CIT offers Provencal interpreters and translators with legal, medical and specialty experience, including criminal and civil matters, employee meetings, engineering, patent cases, labor disputes, immigration and more.

Although based in Los Angeles, CIT offers comprehensive Provencal language services including interpretation, translation and transcription, 24 hours a day, 7 days a week, worldwide. Our interpreters and translators are native speakers who have been screened, certified, have provided credentials, field tested, and kept up to date with developments in both English and the Provencal language through means such as lectures, conferences, and travel. CIT’s Provencal language interpreters and translators possess in depth knowledge of the Provencal language, as well as of the culture and history of the Provencal people, allowing them to provide informed and complete interpretation and translation.

The Provencal Language

The Provencal dialect, part of the Occitan language, is an ancient language spoken by about 1.5 million people all across countries in Europe. Provencal is very popular in southern regions in France. Additionally, it is spoken in parts of Spain, Monaco and in the Occitan Valleys of Italy. In the Piedmon region of Italy, where the Occitan Valleys are, Occitan speaking communities are recognized. Occitan has a total of six dialects: Provencal, Gascon, Languedocien, Limousin, Alpine and Augergne.

The Occitan language in general, including all six dialects, are based in Latin, due to the Romans having spread the language. As the Romans spread throughout and conquered Europe, they brought their language along with them and it started to be used in areas such as France, Spain and further. Eventually, this Latin language was known as Vulgar Latin and was used and spread by the Roman soldiers. Soon enough, as the Roman Empire began to weaken, so did the language. As a result, other languages began to gain strength. Provencal was one of those languages. Not only did it gain verbal strength, but new literature came to be in the Provencal dialect around the 900s.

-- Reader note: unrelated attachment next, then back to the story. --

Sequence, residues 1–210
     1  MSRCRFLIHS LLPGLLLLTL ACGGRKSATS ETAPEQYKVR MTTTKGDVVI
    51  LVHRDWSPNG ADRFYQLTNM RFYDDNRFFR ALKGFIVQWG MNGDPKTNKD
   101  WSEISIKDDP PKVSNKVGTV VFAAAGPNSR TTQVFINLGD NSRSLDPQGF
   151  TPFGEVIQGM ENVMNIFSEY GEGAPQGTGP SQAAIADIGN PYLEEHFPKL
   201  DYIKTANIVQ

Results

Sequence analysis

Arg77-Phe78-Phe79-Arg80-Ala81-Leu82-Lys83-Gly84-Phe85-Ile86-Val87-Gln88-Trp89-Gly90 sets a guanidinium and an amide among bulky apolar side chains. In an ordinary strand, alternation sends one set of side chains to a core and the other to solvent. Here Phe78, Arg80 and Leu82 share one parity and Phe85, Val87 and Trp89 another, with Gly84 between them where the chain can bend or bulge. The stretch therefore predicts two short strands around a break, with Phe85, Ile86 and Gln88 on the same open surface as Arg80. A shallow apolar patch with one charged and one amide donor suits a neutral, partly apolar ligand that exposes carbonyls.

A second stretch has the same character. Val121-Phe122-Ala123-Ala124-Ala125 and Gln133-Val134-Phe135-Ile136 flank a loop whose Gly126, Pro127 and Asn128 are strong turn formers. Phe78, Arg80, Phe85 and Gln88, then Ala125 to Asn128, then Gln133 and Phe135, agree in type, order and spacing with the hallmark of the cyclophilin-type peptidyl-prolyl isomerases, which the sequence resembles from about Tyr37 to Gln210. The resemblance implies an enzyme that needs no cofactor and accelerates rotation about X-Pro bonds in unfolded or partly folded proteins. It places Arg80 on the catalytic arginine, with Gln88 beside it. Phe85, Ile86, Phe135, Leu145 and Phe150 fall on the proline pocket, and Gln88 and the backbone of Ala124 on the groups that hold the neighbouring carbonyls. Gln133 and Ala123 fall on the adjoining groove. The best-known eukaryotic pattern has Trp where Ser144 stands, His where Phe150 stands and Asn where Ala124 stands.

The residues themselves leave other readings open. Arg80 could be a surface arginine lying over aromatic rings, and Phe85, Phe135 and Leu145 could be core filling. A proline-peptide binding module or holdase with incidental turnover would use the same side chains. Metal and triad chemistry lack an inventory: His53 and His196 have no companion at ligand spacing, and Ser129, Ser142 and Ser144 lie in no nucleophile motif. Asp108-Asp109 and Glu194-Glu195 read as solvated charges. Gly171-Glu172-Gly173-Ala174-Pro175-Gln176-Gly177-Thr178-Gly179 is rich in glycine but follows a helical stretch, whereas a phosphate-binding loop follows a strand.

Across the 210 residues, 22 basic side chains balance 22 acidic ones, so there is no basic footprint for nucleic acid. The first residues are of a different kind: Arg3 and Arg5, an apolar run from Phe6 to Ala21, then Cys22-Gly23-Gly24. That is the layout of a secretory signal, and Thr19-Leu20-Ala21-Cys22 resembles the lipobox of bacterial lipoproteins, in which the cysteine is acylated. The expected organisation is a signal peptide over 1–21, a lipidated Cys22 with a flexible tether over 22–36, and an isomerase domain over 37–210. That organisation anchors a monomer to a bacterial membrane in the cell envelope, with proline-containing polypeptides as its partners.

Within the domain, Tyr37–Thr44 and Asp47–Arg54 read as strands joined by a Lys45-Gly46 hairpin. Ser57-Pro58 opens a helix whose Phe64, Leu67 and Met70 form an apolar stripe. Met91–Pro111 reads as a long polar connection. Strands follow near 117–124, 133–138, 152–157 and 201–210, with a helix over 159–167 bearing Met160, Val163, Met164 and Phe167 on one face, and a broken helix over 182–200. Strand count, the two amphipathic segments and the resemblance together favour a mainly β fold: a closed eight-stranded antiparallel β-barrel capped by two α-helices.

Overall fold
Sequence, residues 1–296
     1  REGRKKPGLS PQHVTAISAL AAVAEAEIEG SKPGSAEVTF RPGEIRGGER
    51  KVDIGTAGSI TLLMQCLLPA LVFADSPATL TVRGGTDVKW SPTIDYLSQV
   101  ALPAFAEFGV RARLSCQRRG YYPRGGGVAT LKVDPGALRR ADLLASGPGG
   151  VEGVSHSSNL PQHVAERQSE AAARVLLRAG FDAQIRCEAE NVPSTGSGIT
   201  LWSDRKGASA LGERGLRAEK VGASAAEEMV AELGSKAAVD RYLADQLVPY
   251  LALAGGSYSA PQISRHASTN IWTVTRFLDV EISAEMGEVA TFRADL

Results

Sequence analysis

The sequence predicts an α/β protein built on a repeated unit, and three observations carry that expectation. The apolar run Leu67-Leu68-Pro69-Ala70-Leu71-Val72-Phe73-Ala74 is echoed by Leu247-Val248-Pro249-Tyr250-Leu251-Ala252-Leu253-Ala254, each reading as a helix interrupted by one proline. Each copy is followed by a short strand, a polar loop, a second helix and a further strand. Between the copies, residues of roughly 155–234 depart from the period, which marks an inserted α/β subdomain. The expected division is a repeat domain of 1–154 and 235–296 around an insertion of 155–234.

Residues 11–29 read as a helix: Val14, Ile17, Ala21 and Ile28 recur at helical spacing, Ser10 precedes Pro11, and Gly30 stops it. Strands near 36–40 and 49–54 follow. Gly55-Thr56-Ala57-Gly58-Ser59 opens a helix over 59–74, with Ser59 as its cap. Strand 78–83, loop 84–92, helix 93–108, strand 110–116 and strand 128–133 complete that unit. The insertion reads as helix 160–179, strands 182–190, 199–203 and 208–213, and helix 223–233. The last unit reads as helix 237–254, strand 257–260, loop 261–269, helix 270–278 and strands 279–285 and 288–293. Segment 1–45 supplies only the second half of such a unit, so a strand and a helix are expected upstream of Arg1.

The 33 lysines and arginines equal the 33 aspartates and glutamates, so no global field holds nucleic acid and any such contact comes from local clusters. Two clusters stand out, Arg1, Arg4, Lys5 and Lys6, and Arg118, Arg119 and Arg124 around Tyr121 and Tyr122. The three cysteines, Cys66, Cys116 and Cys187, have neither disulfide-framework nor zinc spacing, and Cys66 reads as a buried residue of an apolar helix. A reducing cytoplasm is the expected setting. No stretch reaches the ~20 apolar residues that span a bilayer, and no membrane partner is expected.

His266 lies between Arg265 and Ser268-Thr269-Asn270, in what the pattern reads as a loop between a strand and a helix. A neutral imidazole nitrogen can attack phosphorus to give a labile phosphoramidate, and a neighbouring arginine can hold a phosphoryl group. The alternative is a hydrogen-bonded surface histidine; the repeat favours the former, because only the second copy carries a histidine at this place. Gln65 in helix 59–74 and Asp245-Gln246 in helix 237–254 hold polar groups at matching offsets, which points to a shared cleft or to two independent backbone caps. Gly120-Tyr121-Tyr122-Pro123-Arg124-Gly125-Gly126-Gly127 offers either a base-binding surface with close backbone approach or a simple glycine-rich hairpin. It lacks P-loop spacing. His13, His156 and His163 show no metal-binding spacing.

Between the 900s and 1400s, Occitan and its dialects was known as a poetic language. Troubadours used Occitan dialects to write plays and comedies as they traveled around France. Up until the 1400s, the Occitan language was used as the main language of reading in both France and northern Spain. Currently, Occitan is still an official language in Catalan, Spain. Due to the power of the French court, the French language began to replace Occitan entirely. Especially after the French Revolution, there was a grand push to have everyone speak the same language.

Currently, out of the six Occitan dialects, four, including Provencal, are endangered according to UNESCO. It is currently on UNESCO’s Atlas of World Languages in Danger. In the 1800s, there had been a short attempt by Frederic Mistral, a known writer and Nobel Prize winner in 1904, to revive Provencal. He began writing in Provencal. About 40 schools in Franch still teach Provencal along with the differences between the Provencal alphabet and the French alphabet. Of the presumed 1.5 millione Occitan speakers across Europe, most are elderly and perhaps cannot read or write the language. However, due to the efforts to preserve the language, many people are beginning to learn it. Additionally, it is a field of study at Oxford University. It is the hope of the linguists who are trying to preserve the language that those studying it will actually speak it as well.

In order to effectively understand French history, Provencal is a useful tool.  Many believe that it is important to keep dialects like Provencal alive as a reminder of the past of a nation.